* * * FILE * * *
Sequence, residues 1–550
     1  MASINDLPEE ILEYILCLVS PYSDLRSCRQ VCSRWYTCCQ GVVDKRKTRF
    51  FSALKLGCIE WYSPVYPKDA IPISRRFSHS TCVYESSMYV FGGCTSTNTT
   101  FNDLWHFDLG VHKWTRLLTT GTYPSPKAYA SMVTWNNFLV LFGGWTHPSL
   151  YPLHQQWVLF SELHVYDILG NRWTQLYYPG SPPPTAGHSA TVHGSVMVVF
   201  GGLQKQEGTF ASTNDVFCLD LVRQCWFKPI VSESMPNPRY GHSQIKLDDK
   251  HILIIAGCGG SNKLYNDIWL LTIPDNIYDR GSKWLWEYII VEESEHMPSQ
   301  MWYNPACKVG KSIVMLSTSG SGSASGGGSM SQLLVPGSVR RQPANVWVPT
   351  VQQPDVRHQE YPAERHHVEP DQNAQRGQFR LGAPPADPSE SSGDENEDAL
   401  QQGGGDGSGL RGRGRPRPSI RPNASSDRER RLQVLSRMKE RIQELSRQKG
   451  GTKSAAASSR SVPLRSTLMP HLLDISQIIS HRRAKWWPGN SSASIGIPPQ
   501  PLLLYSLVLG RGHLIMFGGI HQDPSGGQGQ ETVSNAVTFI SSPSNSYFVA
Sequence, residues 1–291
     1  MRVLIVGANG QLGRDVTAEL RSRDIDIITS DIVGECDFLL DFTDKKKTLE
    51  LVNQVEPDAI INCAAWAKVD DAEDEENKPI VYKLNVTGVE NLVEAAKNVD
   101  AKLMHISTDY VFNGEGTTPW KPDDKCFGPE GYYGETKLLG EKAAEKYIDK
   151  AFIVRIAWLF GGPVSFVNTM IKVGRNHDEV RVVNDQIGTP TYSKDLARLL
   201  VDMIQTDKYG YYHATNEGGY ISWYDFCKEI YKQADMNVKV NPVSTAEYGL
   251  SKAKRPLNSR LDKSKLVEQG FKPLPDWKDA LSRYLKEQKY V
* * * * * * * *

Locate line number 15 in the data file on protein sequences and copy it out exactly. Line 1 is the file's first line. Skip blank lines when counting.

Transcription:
    51  LVNQVEPDAI INCAAWAKVD DAEDEENKPI VYKLNVTGVE NLVEAAKNVD